- TOP PLAYERSOffensePABLO S. TORRE | August 20, 2012
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Down one of the hallways, Shartzer lay on his bed, staring at the white perforated ceiling tiles. He'd asked that no one bother him so he could focus completely on the game, which he saw as not only an opportunity but also a responsibility. To Shartzer, all Macon was counting on him. No one had appointed him captain—Sweet, naturally, didn't believe in captains—but as Shartzer said, "No one elected me to carry the flag, but I took the damn thing and said I'm not going to fall on it." In this case he'd have to carry it with just one good hand.
The next morning Shartzer and Sweet headed to Bradley's medical center, where the doctors wrapped Shartzer's hand in gauze and tape so he could play. Within half an hour Shartzer had cut it off with a pocketknife, giving tournament umpires the excuse that it was "restrictive." Then, wincing in pain, he slipped his glove over his left hand and trotted out to the mound. If the fracture affected his pitching, no one could tell. Shartzer threw seven innings of four-hit ball, striking out eight, and Snitker drove in two runs in a 5--0 win.
Macon had advanced to the state semifinals. And everyone knew what that meant: Lane Tech.
Imagine a high school with an enrollment of 5,200 students. Now imagine they are all boys raised in the athletic petri dish of Chicago. This was Lane Tech, the juggernaut of Illinois high school baseball. Its coach, Ed Papciak, had taken the team to the state tournament four times, including the previous season, and it had won the whole thing twice. A pretournament poll of sportswriters across the state made Lane Tech (32--5) a heavy favorite to win the title, thanks largely to senior pitcher Mark (Wronk) Wronkiewicz, who was 10--1, stood 6'3" and 210 pounds and hit the type of titanic shots that even Arnold couldn't run down.
The matchup proved irresistible to reporters, who couldn't get enough of Macon and, in particular, Sweet. COACHING GOES MOD read one headline. The Peoria Journal Star wrote that Sweet "wouldn't stand out in your local commune with his flowing locks and Fu Manchu mustache." Of course Sweet took the opportunity to downplay his team. As a cloud of reporters gathered, he aw-shucksed his way through 20 minutes of questions. "We don't have any training rules," he said. "The kids can skip practice when they feel like it, and they can wear their hair as long as their parents will allow. We don't emphasize fundamentals, we just let them have fun." Lane Tech, he said, "will have to go to sleep for us to beat them." Not that the self-deprecation was new; in a preseason form provided by the Decatur Herald that asked about Macon's weaknesses, Sweet had begun his answer, "Coaching."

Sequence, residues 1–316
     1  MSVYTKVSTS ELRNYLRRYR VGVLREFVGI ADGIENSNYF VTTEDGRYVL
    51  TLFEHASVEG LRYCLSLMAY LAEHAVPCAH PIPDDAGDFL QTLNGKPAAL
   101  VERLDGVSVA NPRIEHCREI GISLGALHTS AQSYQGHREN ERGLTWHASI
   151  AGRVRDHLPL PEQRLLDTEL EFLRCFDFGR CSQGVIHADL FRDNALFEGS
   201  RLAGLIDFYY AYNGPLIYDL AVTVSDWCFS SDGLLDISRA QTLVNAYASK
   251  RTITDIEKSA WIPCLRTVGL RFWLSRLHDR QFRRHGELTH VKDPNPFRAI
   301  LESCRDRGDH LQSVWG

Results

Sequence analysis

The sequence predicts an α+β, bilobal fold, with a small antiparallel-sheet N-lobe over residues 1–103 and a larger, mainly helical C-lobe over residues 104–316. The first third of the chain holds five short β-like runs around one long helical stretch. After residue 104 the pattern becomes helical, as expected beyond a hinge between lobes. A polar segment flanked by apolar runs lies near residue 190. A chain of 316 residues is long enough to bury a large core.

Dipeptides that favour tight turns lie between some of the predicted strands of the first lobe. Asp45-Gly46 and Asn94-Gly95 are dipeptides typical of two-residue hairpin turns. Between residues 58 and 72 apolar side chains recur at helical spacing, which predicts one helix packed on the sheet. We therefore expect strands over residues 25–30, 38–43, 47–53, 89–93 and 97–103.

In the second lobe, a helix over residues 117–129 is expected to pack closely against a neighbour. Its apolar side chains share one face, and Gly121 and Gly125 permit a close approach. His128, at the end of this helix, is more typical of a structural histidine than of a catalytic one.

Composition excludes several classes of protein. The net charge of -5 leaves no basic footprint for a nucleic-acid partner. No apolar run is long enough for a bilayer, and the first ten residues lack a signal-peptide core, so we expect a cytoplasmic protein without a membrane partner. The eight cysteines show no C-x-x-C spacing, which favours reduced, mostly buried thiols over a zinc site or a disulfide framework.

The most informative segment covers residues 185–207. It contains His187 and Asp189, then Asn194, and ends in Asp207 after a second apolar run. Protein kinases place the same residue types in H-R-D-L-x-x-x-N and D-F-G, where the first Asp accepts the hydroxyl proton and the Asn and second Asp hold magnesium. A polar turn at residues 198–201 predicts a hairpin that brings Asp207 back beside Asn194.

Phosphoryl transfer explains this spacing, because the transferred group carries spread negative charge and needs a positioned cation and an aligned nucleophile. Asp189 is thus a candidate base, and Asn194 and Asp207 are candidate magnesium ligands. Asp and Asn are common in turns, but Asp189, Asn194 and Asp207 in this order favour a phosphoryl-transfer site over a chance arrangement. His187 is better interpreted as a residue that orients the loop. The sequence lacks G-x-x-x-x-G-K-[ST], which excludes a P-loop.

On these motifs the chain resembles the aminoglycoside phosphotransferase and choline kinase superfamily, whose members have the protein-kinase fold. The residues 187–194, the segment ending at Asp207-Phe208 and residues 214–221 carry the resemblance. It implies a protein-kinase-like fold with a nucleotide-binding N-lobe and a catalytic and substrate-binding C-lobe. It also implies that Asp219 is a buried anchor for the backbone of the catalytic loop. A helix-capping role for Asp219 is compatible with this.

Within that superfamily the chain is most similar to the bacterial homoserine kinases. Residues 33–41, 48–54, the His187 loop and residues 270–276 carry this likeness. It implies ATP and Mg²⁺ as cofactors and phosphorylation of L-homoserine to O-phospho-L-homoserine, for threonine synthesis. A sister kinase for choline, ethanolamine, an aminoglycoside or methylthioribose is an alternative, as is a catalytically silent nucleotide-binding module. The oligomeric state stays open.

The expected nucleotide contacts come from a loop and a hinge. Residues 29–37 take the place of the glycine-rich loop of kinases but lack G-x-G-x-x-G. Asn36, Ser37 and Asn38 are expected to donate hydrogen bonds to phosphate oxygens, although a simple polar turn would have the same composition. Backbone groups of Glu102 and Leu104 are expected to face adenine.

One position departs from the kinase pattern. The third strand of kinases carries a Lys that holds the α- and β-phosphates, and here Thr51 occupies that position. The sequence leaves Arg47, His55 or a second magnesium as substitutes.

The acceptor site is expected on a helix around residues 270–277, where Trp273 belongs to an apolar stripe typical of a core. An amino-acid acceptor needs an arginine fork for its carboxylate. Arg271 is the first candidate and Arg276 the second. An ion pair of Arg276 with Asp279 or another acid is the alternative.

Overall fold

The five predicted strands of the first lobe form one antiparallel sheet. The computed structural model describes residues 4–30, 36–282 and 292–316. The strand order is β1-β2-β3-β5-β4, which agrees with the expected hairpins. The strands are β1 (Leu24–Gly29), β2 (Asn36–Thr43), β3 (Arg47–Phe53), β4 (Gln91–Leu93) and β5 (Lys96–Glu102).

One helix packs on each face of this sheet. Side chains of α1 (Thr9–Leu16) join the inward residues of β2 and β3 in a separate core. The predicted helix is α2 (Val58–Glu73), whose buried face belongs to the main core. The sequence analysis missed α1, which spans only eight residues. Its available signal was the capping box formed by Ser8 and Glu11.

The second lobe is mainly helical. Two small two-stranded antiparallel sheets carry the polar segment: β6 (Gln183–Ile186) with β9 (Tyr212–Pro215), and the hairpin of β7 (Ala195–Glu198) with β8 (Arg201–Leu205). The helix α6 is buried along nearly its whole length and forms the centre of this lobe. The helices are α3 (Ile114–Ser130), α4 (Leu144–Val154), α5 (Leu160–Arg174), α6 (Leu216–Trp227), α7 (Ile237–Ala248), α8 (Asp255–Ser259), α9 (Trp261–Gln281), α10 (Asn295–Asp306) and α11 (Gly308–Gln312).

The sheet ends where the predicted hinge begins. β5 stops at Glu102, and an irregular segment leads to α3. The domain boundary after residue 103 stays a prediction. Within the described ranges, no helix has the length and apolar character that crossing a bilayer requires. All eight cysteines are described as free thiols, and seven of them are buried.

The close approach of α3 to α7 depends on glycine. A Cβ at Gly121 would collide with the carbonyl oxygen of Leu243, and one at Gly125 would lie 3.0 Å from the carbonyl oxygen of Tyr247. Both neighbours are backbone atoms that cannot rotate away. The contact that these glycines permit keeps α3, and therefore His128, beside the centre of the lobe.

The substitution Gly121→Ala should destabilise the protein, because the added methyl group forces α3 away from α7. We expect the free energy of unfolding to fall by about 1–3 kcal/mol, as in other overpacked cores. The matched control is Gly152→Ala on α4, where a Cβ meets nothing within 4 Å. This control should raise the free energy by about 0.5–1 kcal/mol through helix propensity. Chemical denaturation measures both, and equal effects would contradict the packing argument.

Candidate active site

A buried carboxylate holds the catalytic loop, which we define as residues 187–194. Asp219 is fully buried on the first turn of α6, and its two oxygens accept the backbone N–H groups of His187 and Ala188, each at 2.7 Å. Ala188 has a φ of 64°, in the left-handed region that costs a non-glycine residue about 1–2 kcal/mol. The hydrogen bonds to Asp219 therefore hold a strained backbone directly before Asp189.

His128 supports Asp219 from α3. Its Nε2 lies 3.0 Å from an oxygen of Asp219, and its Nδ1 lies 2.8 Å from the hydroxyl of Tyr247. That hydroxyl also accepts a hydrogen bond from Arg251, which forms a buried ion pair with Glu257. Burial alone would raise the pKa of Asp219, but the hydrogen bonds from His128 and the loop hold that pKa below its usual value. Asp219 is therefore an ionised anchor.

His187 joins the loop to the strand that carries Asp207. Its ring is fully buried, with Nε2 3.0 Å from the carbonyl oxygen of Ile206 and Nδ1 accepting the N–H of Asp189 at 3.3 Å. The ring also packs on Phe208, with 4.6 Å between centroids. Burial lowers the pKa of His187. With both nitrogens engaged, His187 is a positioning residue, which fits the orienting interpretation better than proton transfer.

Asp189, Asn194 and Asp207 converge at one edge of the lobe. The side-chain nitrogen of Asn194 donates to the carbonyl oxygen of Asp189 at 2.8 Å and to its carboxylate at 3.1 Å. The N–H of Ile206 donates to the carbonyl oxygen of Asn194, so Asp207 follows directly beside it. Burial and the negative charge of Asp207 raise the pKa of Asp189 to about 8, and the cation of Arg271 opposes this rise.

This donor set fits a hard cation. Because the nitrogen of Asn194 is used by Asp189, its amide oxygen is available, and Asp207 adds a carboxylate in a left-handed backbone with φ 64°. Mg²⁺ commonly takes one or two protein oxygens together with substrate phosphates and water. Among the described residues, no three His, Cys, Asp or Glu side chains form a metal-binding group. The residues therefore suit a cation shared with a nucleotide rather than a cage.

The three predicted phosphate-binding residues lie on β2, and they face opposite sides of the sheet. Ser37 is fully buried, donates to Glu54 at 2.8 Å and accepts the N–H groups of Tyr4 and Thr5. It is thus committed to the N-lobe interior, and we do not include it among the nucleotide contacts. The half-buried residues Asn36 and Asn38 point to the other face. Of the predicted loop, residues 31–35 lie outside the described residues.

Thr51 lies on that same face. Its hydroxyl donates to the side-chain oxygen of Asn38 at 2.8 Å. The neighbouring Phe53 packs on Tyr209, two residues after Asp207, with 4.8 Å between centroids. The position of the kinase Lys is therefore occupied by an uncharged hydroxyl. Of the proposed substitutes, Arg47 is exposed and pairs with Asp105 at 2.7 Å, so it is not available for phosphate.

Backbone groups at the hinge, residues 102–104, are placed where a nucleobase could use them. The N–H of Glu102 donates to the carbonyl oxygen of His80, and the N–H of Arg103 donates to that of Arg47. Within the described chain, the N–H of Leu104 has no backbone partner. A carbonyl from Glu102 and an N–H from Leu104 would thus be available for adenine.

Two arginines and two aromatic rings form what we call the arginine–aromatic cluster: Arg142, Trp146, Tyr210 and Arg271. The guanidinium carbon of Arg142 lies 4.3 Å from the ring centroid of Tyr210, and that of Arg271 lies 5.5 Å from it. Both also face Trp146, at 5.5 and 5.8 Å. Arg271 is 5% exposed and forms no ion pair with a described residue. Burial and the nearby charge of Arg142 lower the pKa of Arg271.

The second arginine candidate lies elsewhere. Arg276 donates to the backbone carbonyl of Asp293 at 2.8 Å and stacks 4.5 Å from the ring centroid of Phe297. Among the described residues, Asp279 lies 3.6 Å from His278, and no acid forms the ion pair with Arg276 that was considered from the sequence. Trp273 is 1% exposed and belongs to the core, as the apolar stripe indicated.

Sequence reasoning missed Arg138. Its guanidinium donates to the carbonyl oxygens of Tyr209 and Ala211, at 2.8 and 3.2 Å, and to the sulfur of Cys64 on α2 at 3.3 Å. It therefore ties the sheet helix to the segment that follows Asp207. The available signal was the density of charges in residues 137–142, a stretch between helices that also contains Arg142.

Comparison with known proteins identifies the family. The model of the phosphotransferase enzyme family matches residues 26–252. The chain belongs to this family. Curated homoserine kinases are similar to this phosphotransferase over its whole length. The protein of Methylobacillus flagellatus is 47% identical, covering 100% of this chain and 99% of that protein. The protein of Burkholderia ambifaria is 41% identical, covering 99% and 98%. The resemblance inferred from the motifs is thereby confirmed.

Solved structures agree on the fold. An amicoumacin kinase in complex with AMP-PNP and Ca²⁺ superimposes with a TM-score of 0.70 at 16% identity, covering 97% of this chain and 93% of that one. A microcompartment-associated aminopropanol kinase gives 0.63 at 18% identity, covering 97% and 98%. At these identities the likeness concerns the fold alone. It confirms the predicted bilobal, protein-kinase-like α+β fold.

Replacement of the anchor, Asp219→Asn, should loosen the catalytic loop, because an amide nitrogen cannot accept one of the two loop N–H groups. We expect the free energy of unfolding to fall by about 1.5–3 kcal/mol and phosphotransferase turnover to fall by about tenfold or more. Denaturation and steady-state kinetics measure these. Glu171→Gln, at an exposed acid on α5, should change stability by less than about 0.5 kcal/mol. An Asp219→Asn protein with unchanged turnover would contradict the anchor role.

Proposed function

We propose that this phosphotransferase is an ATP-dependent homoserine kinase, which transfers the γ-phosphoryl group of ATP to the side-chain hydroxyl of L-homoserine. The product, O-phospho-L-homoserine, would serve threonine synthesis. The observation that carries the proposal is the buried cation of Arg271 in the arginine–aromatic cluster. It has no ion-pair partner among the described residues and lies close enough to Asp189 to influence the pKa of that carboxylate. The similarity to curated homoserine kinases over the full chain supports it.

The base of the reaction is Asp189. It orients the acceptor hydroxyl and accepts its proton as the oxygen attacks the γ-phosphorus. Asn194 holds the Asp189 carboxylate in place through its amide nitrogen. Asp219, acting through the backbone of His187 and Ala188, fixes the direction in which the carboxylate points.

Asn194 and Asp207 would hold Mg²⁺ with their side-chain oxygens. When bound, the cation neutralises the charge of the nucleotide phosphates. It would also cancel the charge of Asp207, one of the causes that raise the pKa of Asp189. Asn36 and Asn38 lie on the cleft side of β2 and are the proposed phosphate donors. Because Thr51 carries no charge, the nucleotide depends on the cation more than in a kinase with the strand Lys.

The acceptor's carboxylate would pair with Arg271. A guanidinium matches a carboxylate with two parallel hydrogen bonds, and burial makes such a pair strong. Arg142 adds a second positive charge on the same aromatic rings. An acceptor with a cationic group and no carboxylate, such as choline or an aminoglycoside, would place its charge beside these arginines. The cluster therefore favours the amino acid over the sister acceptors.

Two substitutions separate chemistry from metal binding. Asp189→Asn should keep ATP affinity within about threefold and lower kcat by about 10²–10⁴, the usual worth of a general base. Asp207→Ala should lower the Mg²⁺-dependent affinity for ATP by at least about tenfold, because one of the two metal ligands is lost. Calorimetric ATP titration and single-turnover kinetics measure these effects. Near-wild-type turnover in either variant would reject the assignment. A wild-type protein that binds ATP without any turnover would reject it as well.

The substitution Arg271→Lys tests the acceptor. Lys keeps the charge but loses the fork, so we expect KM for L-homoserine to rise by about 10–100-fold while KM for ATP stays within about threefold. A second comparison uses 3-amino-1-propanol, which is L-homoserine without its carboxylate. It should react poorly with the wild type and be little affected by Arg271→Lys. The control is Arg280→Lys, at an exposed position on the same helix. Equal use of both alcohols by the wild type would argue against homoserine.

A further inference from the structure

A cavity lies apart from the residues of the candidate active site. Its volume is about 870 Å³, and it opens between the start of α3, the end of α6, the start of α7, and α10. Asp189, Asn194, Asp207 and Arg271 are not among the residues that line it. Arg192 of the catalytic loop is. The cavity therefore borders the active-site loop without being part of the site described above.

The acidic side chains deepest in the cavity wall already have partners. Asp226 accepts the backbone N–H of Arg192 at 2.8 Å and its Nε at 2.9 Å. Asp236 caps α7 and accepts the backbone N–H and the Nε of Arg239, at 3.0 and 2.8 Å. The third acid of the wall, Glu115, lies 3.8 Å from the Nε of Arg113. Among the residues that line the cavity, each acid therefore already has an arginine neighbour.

With the players, meanwhile, Sweet took an approach similar to the one he'd taken before the Nashville game. He gathered the Ironmen at breakfast in the hotel restaurant. They assumed he would give them an inspirational speech. Instead he looked them over and, in a very serious voice, said, "You know how they talk about someone putting their pants on one leg at a time?" He paused and scanned the room again. "Well, these guys jump into them. Both legs at the same time!" Then he broke out laughing.
The day of the semifinal, June 4, dawned warm and sticky. The game would begin at 9:30, and the winner would play again at 4:30 that afternoon for the state title. Sweet drove the boys over from the hotel. Upon pulling up to the field, they couldn't believe their eyes: Spectators lined the bleachers and overflowed onto the grass. One Lane Tech fan with prodigious muttonchops had brought a snare drum, and you could hear the BANG! BANG! BANG! from a quarter mile away.
It wasn't just a Lane Tech crowd, either: The Maconites were out in full force. Their cars filled three parking lots, and another few dozen fans had packed into a yellow school bus that had left town at 6:30 a.m. It's not an exaggeration to say most of Macon was in Peoria that morning.
It was Heneberry's turn to take the mound. He may have appeared overmatched, but he had one crucial advantage. While the Ironmen had rested the previous day, Jack Heneberry had stuck around to watch Lane Tech's quarterfinal game against Piasa Southwestern. Jack had no particular baseball acumen, but he'd seen enough of his son's games to know the type of hitters the boy could and couldn't get out. Immediately he noticed one player, the Kid with the Big Black Bat, as he described him—Wronkiewicz. He can really hurt us, Jack scribbled in a notebook. Don't even pitch to him. He said the same of Jack Rockwell, the leadoff hitter. But John's dad delivered his best piece of advice personally that evening. "Son," he said, "they really looked terrible against this guy's curveball. Now, this guy's a better pitcher than you are, but when he went to his slow curve, they looked sick"—here he placed his hand on John's shoulder and smiled—"and you have a better slow curveball than he does." Then he gave his son a slip of paper with a scouting report, one through nine.
Heneberry carried that paper in his back pocket as he jogged to the mound to warm up. Around him, his teammates loosened up as Jesus Christ Superstar blasted from the dugout.